Traveling with Equipment

One requirement of being a corporate photographer is travel. Fortunately most of my travel is fairly local, or at least what I consider local, Philadelphia to Washington DC and on occasion, New York. I tend to be in DC a couple times a month, sometimes a couple times a week. Most of my trips are by train so I try to travel light, and by light I mean two Nikon bodies, four lenses, three speed lights, Pocket Wizards and batteries, so not really light. I needed to find an easier way to carry my gear. (more…)

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Fixers, Field Recorders & the iTouch

Having been photographing Theyyams, the religious rituals indigenous to Northern Kerala in India a couple of weeks ago, I thought it’d be timely to share my approach when I photograph such public (and possibly sensitive) events such as those I witnessed.

The most important tip is a no-brainer. Employ the best fixer you can find and afford. I’m not talking of tourist guides who trawl tourists in their wake, but of fixers who are adept in solving problems, who can get you to where you need to be in less time with less hassle than you can on your own, and who have the requisite connections. Good fixers are not easy to find, and must develop a personal connection with the photographer. If you don’t like your fixer, chances are that he or she won’t do a good job. (more…)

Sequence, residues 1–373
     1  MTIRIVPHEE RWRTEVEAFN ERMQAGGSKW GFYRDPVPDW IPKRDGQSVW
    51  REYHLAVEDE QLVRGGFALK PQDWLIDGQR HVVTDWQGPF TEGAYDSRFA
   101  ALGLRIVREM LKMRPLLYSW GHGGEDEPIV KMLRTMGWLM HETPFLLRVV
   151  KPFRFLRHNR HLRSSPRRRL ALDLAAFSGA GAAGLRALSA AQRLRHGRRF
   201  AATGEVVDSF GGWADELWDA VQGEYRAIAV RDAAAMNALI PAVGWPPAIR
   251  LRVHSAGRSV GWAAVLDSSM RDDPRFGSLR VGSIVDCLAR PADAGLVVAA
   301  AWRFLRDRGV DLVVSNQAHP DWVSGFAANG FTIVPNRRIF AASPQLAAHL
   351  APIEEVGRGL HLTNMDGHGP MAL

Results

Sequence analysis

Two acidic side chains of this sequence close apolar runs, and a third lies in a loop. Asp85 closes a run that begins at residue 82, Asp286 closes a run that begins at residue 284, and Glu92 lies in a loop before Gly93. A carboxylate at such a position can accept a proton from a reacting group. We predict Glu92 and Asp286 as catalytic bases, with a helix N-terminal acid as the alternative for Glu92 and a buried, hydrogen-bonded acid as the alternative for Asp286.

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My favorite piece of gear

black_rapid_strap2If you ask a photographer to name the one piece of equipment that he loves the most, the answer might surprise you. Although I love my camera, my flashes, my lens… they could all be replaced by other brands if necessary. However, there is one thing that I use all the time that I just love. (more…)

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“Canon or Nikon?”

Backlit Aspen, Bishop Creek
Backlit Aspen, Bishop Creek (Photo © Joe Decker, All Rights Reserved.)

So, my friend J.D. and I are up photographing along the South Fork of Bishop Creek in the Eastern Sierra. It’s autumn, there’s excellent color in the aspens in the valley, and we’ve scouted the area the previous day to estimate when last light will fall on the aspens. We arrive ten or fifteen minutes before, set up our tripods, find our compositions, and casually embrace the “If it looks good, shoot it….” rule, shooting as we chat and watch the shadow of the valley wall creep towards the edge of our compositions.

That last moment approaches, and just then…. (more…)

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